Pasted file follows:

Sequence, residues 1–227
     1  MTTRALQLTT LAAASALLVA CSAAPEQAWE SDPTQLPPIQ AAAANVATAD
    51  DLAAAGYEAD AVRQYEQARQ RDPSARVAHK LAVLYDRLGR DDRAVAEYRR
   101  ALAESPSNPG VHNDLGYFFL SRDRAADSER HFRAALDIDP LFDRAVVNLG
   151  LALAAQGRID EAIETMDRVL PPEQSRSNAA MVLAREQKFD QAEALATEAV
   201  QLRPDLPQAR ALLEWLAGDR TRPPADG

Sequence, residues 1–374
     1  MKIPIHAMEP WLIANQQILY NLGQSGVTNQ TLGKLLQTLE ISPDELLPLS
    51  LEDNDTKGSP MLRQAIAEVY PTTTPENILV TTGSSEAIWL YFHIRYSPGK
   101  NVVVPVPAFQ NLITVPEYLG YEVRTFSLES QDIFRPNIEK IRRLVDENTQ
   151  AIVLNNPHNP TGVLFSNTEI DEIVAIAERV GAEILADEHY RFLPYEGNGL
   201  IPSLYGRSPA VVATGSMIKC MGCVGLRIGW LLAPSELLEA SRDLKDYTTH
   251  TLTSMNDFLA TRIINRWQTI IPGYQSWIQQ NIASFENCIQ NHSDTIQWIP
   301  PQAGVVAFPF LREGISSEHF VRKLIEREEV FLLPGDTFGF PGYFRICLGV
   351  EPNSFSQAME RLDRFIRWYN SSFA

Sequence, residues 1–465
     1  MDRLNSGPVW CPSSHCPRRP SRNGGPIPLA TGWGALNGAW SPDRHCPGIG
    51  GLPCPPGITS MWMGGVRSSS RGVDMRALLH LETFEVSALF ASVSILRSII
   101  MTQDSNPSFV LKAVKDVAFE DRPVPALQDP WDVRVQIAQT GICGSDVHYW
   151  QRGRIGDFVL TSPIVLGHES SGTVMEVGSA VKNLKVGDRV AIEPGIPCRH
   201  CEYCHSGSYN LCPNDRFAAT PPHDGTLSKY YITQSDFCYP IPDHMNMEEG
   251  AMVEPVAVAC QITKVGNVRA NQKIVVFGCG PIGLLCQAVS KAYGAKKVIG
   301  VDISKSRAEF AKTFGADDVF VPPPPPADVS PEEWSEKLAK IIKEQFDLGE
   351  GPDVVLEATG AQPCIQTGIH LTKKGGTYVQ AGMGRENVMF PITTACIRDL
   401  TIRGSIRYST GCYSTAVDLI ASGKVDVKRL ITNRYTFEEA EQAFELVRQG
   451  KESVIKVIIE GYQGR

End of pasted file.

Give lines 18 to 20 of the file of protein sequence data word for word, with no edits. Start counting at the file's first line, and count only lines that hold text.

    51  GLPCPPGITS MWMGGVRSSS RGVDMRALLH LETFEVSALF ASVSILRSII
   101  MTQDSNPSFV LKAVKDVAFE DRPVPALQDP WDVRVQIAQT GICGSDVHYW
   151  QRGRIGDFVL TSPIVLGHES SGTVMEVGSA VKNLKVGDRV AIEPGIPCRH